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Miscarriage

What is miscarriage?

A miscarriage is a pregnancy loss that occurs within the fi­rst 20 weeks. This is usually confirmed with either blood tests or an ultrasound.

Around one in fi­ve pregnancies miscarry and usually during the fi­rst 12 weeks. They are often unexpected. Having a miscarriage is not your fault. Miscarriage is the body’s natural way to reject a pregnancy that was not viable.

Types of miscarriage

Inevitable

The pregnancy tissue is currently leaving the uterus

Complete

All the pregnancy tissue has left your uterus

Incomplete

Some pregnancy tissue is still in the uterus

Missed

The baby has died but all the pregnancy tissue is still in the uterus

What will my GP do now to help me during my miscarrige?

Your GP will provide treatment based on the type of miscarriage you have had and how many weeks pregnant you are.

Complete miscarriage

Your GP will confirm all pregnancy tissue has been discharged. Your GP may talk to you about what supports you can access and check your general health.

Inevitable miscarriage

Your GP may suggest you wait and let nature take its course. If you choose this option, you can often return home to wait for the miscarriage to complete. Your GP will want to see you again in a week to confirm the miscarriage has completed.

Your GP may refer you to the Early Pregnancy Assessment Service. They may provide medication to complete the miscarriage. For more information, see Medical Termination of Pregnancy.

Incomplete or missed miscarriage

Your GP will refer you to the Early Pregnancy Assessment Service who will discuss with you the options for managing your pregnancy loss, such as:

  • Waiting for your miscarriage to complete naturally
  • Taking medication to complete the miscarriage

Having a surgical procedure called a dilatation and curettage (D&C) to empty the uterus of the pregnancy.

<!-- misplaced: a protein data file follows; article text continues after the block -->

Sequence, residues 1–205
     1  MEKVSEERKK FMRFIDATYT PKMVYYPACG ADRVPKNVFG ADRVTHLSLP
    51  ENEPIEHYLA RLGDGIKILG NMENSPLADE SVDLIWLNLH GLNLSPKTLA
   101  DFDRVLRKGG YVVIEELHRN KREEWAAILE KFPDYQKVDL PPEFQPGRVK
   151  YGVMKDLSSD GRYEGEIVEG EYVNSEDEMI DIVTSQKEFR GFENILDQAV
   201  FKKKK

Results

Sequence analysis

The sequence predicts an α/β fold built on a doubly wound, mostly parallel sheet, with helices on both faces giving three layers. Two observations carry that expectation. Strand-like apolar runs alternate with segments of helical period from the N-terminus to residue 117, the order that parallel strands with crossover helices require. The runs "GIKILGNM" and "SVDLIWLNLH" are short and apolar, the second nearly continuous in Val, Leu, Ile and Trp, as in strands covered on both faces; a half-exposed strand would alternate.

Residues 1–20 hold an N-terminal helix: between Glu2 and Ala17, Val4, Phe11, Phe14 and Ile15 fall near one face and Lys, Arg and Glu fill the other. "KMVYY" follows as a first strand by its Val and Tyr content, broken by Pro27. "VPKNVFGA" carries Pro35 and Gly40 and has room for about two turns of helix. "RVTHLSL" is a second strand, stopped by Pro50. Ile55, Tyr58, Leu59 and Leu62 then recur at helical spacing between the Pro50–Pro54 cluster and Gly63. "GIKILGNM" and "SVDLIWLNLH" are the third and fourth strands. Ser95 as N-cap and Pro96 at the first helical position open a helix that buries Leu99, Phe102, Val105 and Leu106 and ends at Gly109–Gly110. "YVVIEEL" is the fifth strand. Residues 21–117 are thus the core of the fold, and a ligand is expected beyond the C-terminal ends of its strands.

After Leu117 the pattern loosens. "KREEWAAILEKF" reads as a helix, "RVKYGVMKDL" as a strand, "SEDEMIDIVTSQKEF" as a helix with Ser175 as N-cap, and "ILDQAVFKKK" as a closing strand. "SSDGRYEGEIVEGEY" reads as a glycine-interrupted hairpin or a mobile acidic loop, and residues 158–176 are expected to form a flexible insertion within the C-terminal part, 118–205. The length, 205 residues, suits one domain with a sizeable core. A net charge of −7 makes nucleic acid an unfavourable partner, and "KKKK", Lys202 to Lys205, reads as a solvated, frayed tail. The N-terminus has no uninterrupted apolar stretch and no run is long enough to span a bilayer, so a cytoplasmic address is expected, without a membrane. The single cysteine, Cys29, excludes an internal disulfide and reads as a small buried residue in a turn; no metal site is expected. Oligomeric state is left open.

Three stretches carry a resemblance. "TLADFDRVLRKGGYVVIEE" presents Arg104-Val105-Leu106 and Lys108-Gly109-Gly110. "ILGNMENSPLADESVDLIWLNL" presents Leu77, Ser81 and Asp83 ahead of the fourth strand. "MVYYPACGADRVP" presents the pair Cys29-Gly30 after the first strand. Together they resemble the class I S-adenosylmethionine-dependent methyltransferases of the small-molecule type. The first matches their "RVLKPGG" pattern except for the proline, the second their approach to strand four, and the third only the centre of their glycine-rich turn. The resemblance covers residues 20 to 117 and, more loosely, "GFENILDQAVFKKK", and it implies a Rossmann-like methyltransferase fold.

What will my GP do in the future to help me after a miscarriage?

Your GP will want to see you around six weeks after your miscarriage. Your GP will check your uterus has returned to its normal size. They will also discuss how you are feeling and any other issues or problems.

Your GP may also:

  • Offer a referral for counselling to help you cope with your loss
  • Discuss future pregnancy planning if you want to try to conceive again
  • Discuss contraception options if you choose not to try to conceive again at this time

If you have had three or more miscarriages in a row with the same partner, your GP may refer you to a specialist. You might need to have some tests as well.

 

What can I do during this time?

It is normal to feel mixed emotions and need time to be upset about your loss. Remember this is not your fault and you could not have prevented it. If you are finding it hard to come to terms with the loss, talking to a counsellor can help.

It is important to make sure all the pregnancy tissue has been discharged from the uterus. You may be asked by your GP or pregnancy care provider to check the contents of your pad or the toilet for pregnancy tissue for this.

Pregnancy, birth and baby provides details of what you might see depending on how many weeks pregnant you were when the miscarriage occurred. In South Western Sydney, there is no requirement to collect any of the pregnancy tissue or fetus to provide to your GP or hospital.

For women at eight weeks or more gestation, there is the possibility that you may see the baby. This can be distressing for some women. The coping with pregnancy loss page provides information on what you may wish to do with the baby as well as how to access support.

When should I call an ambulance?

If your miscarriage has not completed and you have heavy bleeding or if you are in your second trimester, call 000 or go to your nearest Emergency Department.

What questions could I ask my doctor?

  • Where can I access support?
  • Will I need to go to hospital?
  • When can I have sex again?
  • How do I manage any pain?
  • How long should the bleeding last?
  • When can I start trying to conceive again?

What supports are available?

  • SWSLHD Early Pregnancy Assessment Services

    The Early Pregnancy Assessment Service (EPAS) supports women who are less than 20 weeks pregnant and have abdominal pain or bleeding. EPAS units are available at the following hospitals:

  • Red Nose grief and loss line

Where can I learn more?

  • NSW Health

    Early pregnancy – when things go wrong

  • Pregnancy, Birth and Baby

    Miscarriage

  • The Pink Elephants Support Network

    Miscarriage support

  • Pregnancy Loss Australia

    Support and guidance for miscarriage

  • Agency for Clinical Innovation

    Bleeding in early pregnancy

Important: This information is to be viewed by someone who has received a diagnosis from their doctor. It is not designed to be used to diagnose a condition or as a substitute for ongoing medical care.

Health Resource Directory factsheets are endorsed by South Western Sydney PHN’s Community Advisory Committee and local GPs

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